Choctaw Nation France VisitPhoto by Christian Toews

Chief Gary Batton and Assistant Chief Jack Austin Jr. plant flags at the base of a headstone at the Normandy American Cemetery in Normandy, France.

Choctaw Nation visits France

CNO honors World War I and II Choctaw veterans in France

By Christian Toews
November 1, 2023

A Choctaw Nation of Oklahoma delegation recently traveled to St. Etienne, France, to commemorate the 105th anniversary of the WWI battle that liberated the city.

Choctaw code talkers were first used during this battle, and five Choctaw soldiers were among the 336 United States soldiers who sacrificed their lives during the four-day battle.

Chief Gary Batton commented on the significance of the events at this battle during a speech at the event in St. Etienne.

“These brave, young Choctaw warriors made the ultimate sacrifice and had no idea what their futures held when they shipped out to France. Each man fought valiantly when called upon to turn back the invading German forces at the four-day Battle of Sent Etienne,” he said. “Unfortunately, these brave warriors did not make it out of that battle and are forever remembered here. We will never forget the sacrifices made by these men and their families to ensure a better life for all.”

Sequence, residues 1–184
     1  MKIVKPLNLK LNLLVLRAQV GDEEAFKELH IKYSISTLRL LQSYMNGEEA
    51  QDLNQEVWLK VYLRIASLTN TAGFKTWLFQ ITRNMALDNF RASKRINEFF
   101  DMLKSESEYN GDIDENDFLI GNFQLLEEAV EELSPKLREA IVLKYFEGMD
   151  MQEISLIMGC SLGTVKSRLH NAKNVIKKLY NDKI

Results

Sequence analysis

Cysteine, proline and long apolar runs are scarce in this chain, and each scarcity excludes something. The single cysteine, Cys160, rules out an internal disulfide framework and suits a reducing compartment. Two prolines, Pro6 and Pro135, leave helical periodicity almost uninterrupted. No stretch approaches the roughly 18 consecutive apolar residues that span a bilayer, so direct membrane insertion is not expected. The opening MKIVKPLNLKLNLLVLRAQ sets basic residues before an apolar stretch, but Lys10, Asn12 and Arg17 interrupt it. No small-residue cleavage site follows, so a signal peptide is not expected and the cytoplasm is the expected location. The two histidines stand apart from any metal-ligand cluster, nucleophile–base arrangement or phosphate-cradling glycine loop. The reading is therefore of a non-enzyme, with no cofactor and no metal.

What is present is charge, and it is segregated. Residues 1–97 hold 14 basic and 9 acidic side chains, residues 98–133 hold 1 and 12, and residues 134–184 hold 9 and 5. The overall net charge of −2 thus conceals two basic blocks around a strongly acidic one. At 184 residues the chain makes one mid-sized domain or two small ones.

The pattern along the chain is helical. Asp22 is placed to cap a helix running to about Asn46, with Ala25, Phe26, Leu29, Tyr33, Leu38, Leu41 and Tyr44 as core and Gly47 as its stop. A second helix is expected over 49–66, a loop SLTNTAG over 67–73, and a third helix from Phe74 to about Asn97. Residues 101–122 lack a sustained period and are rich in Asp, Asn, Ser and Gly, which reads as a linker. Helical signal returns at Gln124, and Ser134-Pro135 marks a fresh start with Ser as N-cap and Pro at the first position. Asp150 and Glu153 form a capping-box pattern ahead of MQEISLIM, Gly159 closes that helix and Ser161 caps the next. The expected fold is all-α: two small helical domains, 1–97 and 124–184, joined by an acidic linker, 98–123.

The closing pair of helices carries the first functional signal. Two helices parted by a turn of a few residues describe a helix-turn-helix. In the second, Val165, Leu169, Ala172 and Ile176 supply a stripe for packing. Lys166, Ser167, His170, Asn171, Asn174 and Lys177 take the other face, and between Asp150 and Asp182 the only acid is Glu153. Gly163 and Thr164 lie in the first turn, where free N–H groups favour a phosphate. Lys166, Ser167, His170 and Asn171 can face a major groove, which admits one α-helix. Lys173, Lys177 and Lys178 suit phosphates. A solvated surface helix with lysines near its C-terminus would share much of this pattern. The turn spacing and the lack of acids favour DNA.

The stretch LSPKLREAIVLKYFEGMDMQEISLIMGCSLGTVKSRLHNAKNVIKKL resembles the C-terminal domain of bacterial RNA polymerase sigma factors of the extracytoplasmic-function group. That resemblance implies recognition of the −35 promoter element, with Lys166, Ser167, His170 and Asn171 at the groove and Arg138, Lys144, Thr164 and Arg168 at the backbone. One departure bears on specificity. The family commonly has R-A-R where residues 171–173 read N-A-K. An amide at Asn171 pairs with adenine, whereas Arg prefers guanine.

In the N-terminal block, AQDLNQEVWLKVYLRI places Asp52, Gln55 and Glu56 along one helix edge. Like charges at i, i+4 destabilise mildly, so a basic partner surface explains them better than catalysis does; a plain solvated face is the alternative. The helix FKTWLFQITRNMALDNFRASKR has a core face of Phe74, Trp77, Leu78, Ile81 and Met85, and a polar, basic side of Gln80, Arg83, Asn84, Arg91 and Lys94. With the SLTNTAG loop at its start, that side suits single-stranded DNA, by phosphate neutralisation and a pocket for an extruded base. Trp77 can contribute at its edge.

A monument now stands at Blanc Mont near St. Etienne and remembers these soldiers.

Choctaw France Visit
Photo by Christian Toews

Sand from Normandy beaches are rubbed into the headstones to highlight the soldier during the ceremony at the American Cemetery in Normandy, France.

Chief Batton was invited to lay a wreath at the base of this monument in their honor. This monument’s sign mentions the Choctaw Code Talkers and their contribution to winning the war.

Near this monument is Hill 140, where Joseph Oklahombi and other Code Talkers first used the Choctaw language to defeat the German army during WWI.

On October 8, 1918, Oklahombi and twenty-three fellow soldiers attacked an enemy position and captured 171 prisoners. They seized the artillery at the site and killed 79 German soldiers. These men tended their wounded comrades and held their position for four days under relentless attack.

In the days leading up to the ceremony in Saint Etienne, the delegation from the Choctaw Nation was able to visit many of the critical and historic sites where Choctaw soldiers fought in WWI and WWII. Two ceremonies were held at the cemetery of Meuse Argonne and the Normandy American Cemetery, respectively.

According to the American Battle Monuments Commission, the Meuse Argonne cemetery is 130.5 acres and holds the largest number of American military dead in Europe, totaling 14,246. Most of those buried here lost their lives during the Meuse-Argonne Offensive of World War I.

While visiting the graves of the Choctaw men buried here, the story of their bravery was read aloud.

A Choctaw hymn was sung at each grave, and a prayer was said.